However, I know that when it comes to statements made about how Americans seem to, uh, 'not Americans', lol, it does seem that the public image is regarded as using slang and not much for proper English. Kind of the disrespectful, cocky American. I think maybe back then the same was the general public opinion of us, as to the reality of it, I have no idea.

            But I can see a reporter trying to make the letter seem American by using words to fake people out.

            Then again, maybe we do talk that way and I just don't see it. I sound like Tolkien's elves, they say both sides when you ask for an opinion. Sorry.

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            • #21
              seems that way

              Hello Beowulf.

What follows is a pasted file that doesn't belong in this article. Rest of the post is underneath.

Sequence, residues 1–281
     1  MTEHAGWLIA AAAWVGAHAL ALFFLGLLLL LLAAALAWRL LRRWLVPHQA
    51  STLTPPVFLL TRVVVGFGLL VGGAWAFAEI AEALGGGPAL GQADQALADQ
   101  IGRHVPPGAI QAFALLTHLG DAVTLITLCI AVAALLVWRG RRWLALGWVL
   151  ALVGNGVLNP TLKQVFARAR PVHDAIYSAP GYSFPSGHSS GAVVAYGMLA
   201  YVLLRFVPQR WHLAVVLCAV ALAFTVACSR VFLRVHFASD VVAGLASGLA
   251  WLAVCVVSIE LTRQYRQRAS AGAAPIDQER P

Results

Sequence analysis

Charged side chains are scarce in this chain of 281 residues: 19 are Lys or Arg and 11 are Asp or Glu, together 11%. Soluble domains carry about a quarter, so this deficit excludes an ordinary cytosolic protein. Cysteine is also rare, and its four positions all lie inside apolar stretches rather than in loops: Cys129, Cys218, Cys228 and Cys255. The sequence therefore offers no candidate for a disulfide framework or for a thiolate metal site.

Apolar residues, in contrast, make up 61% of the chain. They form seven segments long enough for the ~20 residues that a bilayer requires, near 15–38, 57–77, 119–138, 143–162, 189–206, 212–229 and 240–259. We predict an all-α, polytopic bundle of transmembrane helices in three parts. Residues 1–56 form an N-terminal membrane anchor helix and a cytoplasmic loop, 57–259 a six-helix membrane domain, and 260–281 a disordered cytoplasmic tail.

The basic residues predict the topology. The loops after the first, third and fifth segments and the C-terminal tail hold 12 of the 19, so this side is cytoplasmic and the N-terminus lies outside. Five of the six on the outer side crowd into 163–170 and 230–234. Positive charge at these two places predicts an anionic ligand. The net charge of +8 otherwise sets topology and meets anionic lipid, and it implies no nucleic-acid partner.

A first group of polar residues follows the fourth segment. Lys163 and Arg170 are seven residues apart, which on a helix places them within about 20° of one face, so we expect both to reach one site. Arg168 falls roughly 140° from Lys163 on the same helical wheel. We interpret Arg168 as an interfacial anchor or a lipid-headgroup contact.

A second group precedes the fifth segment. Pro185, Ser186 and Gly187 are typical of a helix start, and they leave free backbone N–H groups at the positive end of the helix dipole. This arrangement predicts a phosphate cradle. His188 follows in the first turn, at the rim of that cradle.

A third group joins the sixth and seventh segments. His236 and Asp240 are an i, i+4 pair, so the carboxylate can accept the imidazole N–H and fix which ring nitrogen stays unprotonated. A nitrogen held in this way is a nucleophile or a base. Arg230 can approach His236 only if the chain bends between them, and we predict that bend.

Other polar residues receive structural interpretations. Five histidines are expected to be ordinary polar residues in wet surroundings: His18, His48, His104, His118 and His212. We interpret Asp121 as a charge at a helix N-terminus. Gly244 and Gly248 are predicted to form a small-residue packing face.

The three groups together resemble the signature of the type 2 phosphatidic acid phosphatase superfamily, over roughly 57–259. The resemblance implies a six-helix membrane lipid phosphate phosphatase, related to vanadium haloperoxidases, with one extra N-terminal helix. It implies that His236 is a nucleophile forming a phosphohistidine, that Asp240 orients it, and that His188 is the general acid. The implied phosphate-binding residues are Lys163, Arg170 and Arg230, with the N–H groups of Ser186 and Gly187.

"But I can see a reporter trying to make the letter seem American by using words to fake people out."

              OK. This was the generally accepted idea--that the language was, or seemed, American.

              Cheers.
              LC

              Comment


              • #22
                I think we underestimate the speed with which slang terms cross the Atlantic -- in both directions. This is particularly so when it is borne in mind that lexicographers seek the first usages of words in print and many words -- especially those of slang -- exist for a long time among the barely literate classes before gaining published currency.

                In an article I wrote several years ago I pointed how, just a short time after the first "Jack the Ripper" letter an elderly New York spinster actually found a man under her bed during her ritual nightly check and went running into the street, in nightgown, screaming "Jack the Ripper, Jack the Ripper!!"

                Granted, Jackie and his depredations were a special case, but I would still suggest slang terms and catch phrases crossed the Atlantic more rapidly than some academics would allow.

                Don.
                "To expose [the Senator] is rather like performing acts of charity among the deserving poor; it needs to be done and it makes one feel good, but it does nothing to end the problem."